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Signaling and Tacit Collusion in an Infinitely Repeated Prisoners' Dilemma

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  • Joseph E. Harrington, Jr.
  • Wei Zhao
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    Abstract

    In the context of an infinitely repeated Prisoners.Dilemma, we explore how cooperation is initiated when players signal and coordinate through their actions. There are two types of players - patient and impatient - and a player's type is private information. An impatient type is incapable of cooperative play, while if both players are patient types - and this is common knowledge - then they can cooperate with a grim trigger strategy. We find that the longer that players have gone without cooperating, the lower is the probability that they'll cooperate in the next period. While the probability of cooperation emerging is always positive, there is a positive probability that cooperation never occurs.

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    Bibliographic Info

    Paper provided by The Johns Hopkins University,Department of Economics in its series Economics Working Paper Archive with number 587.

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    Date of creation: Feb 2012
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    Handle: RePEc:jhu:papers:587

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    1. Cripps, Martin W. & Dekel, Eddie & Pesendorfer, Wolfgang, 2005. "Reputation with equal discounting in repeated games with strictly conflicting interests," Journal of Economic Theory, Elsevier, vol. 121(2), pages 259-272, April.
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    3. Aoyagi, Masaki, 2002. "Collusion in Dynamic Bertrand Oligopoly with Correlated Private Signals and Communication," Journal of Economic Theory, Elsevier, vol. 102(1), pages 229-248, January.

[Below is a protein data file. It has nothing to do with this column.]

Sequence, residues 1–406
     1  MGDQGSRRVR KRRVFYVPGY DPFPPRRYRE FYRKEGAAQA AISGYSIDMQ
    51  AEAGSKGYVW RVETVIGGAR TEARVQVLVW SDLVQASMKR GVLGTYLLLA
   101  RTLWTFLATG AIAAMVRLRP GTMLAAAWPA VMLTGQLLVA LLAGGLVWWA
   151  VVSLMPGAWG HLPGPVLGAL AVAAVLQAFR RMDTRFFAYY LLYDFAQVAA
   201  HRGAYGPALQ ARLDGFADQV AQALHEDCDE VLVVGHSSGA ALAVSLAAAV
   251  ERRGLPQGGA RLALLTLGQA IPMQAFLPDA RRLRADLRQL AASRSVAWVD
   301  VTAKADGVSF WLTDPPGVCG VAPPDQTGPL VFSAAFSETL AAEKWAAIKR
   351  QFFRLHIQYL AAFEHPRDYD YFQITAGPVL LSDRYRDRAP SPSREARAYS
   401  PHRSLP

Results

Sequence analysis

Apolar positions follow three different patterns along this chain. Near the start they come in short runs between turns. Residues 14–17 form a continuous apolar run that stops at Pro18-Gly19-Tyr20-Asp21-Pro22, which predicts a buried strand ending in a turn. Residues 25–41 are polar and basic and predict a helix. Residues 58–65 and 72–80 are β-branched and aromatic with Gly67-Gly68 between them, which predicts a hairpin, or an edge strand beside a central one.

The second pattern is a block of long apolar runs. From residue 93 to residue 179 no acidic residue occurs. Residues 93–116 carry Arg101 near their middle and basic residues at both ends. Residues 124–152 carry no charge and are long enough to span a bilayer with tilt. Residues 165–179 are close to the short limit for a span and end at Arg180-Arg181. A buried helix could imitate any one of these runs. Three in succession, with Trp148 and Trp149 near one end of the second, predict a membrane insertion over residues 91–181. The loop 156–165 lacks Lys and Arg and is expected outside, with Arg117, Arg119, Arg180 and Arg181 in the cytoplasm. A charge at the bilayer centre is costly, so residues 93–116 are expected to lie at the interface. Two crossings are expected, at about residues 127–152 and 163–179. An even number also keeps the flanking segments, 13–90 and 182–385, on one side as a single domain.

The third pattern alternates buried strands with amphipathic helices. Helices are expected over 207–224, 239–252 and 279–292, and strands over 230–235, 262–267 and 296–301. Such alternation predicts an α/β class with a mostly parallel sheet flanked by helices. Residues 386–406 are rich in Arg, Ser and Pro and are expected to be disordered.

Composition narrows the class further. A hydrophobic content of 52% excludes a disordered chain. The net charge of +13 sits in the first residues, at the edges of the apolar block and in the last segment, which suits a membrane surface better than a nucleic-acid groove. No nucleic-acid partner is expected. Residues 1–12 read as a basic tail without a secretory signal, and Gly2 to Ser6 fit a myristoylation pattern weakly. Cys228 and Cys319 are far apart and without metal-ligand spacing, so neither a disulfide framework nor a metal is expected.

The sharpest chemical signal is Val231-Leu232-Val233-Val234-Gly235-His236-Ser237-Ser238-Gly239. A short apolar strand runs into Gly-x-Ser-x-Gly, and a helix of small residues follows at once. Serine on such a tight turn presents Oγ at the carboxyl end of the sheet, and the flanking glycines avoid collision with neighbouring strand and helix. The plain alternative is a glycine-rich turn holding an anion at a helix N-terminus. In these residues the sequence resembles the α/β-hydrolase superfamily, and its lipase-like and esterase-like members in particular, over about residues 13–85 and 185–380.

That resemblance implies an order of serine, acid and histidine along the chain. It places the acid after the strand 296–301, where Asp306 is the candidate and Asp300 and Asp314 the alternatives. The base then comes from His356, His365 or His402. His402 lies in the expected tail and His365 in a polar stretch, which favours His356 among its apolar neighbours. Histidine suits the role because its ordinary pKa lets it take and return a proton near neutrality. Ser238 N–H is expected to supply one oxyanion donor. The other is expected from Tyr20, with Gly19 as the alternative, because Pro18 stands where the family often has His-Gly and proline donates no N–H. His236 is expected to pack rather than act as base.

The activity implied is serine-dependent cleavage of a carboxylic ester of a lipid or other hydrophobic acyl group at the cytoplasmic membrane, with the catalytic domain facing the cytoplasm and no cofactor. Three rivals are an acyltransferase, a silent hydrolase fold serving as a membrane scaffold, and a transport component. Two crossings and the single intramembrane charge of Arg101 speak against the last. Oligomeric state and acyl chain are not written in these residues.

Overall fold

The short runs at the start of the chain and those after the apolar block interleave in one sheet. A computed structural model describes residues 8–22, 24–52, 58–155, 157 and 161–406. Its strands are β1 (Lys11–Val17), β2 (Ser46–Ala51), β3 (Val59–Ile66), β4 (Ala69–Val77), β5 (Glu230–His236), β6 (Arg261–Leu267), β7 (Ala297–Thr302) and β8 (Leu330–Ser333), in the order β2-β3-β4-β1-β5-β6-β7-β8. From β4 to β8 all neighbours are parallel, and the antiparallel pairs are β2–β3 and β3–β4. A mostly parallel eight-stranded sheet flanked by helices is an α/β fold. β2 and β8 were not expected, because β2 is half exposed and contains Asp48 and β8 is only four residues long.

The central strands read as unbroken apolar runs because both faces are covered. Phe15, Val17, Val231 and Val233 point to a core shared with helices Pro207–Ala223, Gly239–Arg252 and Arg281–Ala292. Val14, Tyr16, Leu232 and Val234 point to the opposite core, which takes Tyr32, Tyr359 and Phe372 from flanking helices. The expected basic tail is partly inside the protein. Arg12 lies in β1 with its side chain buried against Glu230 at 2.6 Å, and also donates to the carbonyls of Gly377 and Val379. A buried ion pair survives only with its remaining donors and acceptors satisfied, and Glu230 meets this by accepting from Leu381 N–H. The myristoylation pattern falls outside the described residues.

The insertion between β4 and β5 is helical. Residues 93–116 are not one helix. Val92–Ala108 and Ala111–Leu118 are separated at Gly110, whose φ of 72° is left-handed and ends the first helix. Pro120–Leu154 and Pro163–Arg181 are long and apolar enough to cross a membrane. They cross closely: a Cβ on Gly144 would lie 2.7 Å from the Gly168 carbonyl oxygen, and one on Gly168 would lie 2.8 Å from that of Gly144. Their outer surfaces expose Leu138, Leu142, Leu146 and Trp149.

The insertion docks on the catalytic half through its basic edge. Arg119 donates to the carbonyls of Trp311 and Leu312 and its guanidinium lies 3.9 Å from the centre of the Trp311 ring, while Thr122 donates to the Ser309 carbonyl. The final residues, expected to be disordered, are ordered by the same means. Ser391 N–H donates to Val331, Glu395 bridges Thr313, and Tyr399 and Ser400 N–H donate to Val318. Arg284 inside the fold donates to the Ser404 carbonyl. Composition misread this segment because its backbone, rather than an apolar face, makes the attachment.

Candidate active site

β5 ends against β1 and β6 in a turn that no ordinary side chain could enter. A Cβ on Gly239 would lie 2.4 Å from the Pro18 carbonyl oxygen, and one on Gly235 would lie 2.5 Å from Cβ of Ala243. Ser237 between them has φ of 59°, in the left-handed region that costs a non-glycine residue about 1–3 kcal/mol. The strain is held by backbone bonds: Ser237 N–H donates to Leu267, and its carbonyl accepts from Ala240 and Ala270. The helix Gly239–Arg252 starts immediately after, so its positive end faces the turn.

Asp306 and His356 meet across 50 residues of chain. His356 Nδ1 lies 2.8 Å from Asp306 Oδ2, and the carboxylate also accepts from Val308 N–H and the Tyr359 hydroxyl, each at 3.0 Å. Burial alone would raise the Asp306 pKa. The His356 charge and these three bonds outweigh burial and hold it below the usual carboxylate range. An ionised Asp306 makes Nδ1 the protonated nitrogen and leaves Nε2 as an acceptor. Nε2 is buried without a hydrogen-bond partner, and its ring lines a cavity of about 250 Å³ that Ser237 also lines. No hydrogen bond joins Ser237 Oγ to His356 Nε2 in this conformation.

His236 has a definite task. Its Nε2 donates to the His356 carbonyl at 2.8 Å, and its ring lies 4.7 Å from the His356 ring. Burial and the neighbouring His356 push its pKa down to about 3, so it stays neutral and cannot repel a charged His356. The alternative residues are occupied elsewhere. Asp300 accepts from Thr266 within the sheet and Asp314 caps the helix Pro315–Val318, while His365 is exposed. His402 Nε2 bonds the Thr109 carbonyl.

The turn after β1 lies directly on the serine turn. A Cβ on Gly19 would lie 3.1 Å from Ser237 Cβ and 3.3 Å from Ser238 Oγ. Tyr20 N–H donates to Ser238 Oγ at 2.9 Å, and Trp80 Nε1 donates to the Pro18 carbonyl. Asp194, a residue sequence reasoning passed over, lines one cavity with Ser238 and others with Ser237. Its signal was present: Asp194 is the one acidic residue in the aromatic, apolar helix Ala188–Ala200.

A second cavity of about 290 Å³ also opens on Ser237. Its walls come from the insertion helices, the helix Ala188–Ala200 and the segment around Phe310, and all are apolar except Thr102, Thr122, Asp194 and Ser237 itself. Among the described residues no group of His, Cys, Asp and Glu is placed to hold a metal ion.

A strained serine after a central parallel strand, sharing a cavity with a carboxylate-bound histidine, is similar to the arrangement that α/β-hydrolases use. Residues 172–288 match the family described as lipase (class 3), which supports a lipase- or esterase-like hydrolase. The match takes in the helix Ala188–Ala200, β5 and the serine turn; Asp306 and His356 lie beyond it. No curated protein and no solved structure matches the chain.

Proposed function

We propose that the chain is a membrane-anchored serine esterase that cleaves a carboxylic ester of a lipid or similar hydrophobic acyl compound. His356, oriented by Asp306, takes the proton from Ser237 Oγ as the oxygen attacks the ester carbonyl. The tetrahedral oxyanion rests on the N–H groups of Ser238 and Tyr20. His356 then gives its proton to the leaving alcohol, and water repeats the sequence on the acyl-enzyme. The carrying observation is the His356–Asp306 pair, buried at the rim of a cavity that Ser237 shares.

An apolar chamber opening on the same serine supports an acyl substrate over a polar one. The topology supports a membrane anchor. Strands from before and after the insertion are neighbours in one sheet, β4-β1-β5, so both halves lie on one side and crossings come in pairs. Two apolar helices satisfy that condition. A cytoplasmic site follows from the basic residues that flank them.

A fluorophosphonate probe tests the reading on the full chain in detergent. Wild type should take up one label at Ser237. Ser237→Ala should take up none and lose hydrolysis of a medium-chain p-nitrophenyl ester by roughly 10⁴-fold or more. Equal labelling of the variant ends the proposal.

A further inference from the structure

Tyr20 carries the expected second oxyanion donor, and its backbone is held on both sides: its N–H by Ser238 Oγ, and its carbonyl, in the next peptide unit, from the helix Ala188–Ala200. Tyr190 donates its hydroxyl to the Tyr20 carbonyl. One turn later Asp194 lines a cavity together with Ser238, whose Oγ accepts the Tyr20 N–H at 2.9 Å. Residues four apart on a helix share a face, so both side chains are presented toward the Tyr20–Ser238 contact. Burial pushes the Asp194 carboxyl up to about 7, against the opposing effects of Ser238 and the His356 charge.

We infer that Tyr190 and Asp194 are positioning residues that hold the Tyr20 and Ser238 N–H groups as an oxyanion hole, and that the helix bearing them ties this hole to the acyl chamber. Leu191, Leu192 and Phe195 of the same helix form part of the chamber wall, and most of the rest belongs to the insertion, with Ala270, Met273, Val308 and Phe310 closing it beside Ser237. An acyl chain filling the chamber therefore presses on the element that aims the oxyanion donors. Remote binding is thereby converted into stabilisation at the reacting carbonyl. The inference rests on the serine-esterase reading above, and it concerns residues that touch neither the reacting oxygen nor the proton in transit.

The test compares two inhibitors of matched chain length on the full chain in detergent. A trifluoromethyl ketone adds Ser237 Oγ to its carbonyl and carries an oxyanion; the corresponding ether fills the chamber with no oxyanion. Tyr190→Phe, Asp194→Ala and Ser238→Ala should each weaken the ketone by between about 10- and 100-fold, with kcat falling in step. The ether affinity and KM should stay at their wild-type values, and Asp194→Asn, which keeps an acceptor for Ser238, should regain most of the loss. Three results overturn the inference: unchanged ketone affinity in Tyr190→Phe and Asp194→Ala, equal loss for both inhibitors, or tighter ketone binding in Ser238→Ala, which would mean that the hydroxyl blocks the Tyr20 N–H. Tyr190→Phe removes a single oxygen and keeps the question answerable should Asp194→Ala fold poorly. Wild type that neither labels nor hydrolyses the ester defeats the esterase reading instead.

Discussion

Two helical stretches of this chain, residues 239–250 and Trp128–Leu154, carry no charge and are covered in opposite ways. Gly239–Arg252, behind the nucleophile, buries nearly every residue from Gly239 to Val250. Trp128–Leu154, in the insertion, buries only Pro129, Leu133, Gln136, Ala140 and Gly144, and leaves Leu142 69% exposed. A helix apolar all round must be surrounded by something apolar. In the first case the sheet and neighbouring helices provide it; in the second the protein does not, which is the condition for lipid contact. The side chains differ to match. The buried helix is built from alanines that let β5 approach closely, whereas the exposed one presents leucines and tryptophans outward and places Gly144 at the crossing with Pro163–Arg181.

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    8. Bhaskar, V., 1994. "Informational Constraints and the Overlapping Generations Model: Folk and Anti-Folk Theorems," Papers 9485, Tilburg - Center for Economic Research.
    9. Crawford, Vincent P & Haller, Hans, 1990. "Learning How to Cooperate: Optimal Play in Repeated Coordination Games," Econometrica, Econometric Society, vol. 58(3), pages 571-95, May.
    10. Sylvain Chassang, 2010. "Building Routines: Learning, Cooperation, and the Dynamics of Incomplete Relational Contracts," American Economic Review, American Economic Association, vol. 100(1), pages 448-65, March.
    11. Mehmet Ekmekci & Alp Atakan, 2009. "Reputations with Long Run Players," 2009 Meeting Papers 220, Society for Economic Dynamics.
    12. Mehmet Ekmekci & Alp Atakan, 2009. "A two Sided Reputation Result with Long Run Players," Discussion Papers 1510, Northwestern University, Center for Mathematical Studies in Economics and Management Science.
    13. Susan Athey & Kyle Bagwell, 1999. "Optimal Collusion with Private Information," Working papers 99-17, Massachusetts Institute of Technology (MIT), Department of Economics.
    14. Cripps, Martin W. & Thomas, Jonathan P., 1997. "Reputation and Perfection in Repeated Common Interest Games," Games and Economic Behavior, Elsevier, vol. 18(2), pages 141-158, February.
    15. Michihiro Kandori & Hitoshi Matsushima, 1997. "Private observation and Communication and Collusion," Levine's Working Paper Archive 1256, David K. Levine.
    16. Aumann, Robert J. & Sorin, Sylvain, 1989. "Cooperation and bounded recall," Games and Economic Behavior, Elsevier, vol. 1(1), pages 5-39, March.
    17. Mailath, George J. & Samuelson, Larry, 2006. "Repeated Games and Reputations: Long-Run Relationships," OUP Catalogue, Oxford University Press, number 9780195300796.
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